Posts Tagged ‘practical positive psychology’

Ways to use Positive Psychology Concept Cards: Ten ideas to get you started

 

General

You can use these cards in a number of ways to stimulate discussion; create commonality and motivation; and to identify agreed action. Some general ideas are:

  • Use the cards as they stand, the questions and the action points
  • Use a rating scale ‘To what extent is this present in our team/organization/group at the moment on a scale of 1-10? What would we like to be? How can we move towards this?’etc.
  • As a prioritizing tool. ‘Which five of these are most key to our future success/our development/our strategy?’
  • As playing cards. Each person has some. Someone starts by laying down a card they think is important (to the topic under discussion) explaining why they think so, the person who thinks they can build on this with one of the cards in their hand lays it down with ‘yes and…’. This is a cooperative card game, with no winners or losers.

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Introducing the Positive Psychology Concept Cards

The concepts reflect key findings from positive psychology research of things that make a positive difference to organisational life. Each card lists the benefits of the concept, provides three questions to stimulate discussion, and is followed by three pointers for development. Each is introduced briefly below, arranged in four groups.

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Barack Obama famously crowd-sourced the finance for his election campaign, a powerful example of the ability of new technology to create a great aggregate result out of lots of small voluntary actions. But this process is not as new as it seems: Sir James Murray used a similar approach to creating the Oxford English Dictionary, a project he began in 1897.

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This master class workshop will help you understand the most important findings from positive psychology and happiness research so you can help your clients reap the benefits.

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What is positive psychology?

Coined as a phrase by Martin Seligman as President of the American Psychological Association in 1998, positive psychology is the psychology of exceptionally good living. It embraces areas of study such as happiness; human flourishing; exceptional wellbeing; energy and vitality, meaningfulness and achievement. The switch in focus from psychology’s traditional concern with when things go wrong for people (mental or physical ill-health, poor educational performance etc.) to when things go right for people has resulted in a burst of new streams of research and new knowledge about the psychology of high performance in people.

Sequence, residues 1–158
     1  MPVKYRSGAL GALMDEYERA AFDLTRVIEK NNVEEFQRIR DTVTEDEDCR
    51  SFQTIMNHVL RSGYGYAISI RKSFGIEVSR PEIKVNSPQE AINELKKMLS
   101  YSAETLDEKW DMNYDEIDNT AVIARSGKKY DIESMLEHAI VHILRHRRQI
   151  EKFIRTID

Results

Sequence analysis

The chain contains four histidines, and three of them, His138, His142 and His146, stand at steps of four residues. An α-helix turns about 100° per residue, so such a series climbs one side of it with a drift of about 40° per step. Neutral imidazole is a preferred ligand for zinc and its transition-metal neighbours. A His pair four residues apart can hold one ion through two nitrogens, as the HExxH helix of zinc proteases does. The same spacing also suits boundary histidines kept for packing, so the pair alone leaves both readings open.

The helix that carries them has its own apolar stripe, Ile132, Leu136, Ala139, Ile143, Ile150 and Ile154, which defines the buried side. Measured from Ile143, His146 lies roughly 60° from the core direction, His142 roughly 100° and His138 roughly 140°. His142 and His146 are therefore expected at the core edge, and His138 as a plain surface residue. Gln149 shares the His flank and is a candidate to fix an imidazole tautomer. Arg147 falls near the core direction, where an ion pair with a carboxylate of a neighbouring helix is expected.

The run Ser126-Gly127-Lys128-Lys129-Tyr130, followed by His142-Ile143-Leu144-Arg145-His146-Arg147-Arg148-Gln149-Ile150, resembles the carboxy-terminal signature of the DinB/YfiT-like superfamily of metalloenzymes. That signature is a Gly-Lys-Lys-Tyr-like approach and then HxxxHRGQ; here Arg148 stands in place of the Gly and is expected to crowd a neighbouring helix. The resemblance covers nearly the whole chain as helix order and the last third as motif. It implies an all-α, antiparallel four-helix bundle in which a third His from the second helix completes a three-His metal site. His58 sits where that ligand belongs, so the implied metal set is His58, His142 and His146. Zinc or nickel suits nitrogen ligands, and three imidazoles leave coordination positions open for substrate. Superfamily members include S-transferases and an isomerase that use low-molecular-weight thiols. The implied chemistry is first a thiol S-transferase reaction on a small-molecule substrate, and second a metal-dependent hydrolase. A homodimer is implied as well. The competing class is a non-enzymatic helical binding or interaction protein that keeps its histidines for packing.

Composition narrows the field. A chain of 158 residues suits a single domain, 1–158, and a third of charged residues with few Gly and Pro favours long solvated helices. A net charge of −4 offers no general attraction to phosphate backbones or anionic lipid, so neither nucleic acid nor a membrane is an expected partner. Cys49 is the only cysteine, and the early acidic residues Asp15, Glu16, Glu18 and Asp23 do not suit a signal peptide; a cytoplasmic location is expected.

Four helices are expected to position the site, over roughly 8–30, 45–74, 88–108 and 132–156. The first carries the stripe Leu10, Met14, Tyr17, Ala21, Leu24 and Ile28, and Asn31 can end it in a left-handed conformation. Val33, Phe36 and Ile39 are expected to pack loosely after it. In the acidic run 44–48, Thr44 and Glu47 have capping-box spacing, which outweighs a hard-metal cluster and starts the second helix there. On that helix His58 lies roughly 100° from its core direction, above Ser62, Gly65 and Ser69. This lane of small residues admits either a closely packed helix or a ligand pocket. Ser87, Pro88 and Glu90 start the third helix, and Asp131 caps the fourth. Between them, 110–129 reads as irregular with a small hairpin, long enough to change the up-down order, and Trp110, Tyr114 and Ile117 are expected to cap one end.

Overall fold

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Difficult times loom ahead. Few of us feel at our brightest and most optimistic in the dark, cold days of January, February and March. How can we help maintain good cheer, hope and optimism amongst our staff, suppliers and customers? Here are some suggestions, maybe even a list of New Year resolutions!

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The good news is: Performance Management Works

‘ A hospital that appraises around 20% more staff and trains about 20% more apprasisers is likely to have 1,090 fewer deaths per 100,000 admissions.’[i] Many other studies have also found this strong relationship between performance management, appraisals and organisational performance. How come then, it is a disliked process in so many organizations?

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At Appreciating Change we believe in the power of positive psychology to transform workplaces by creating positive energy and engagement, to build on individual and organisational strengths and to help people co-create the future direction of the organisation. There are many ways to do this, as explained in my book ‘Positive Psychology at Work’, and here are a few which can be implemented quickly and easily:

 

1. Opening meetings with a round of recent success stories.

 

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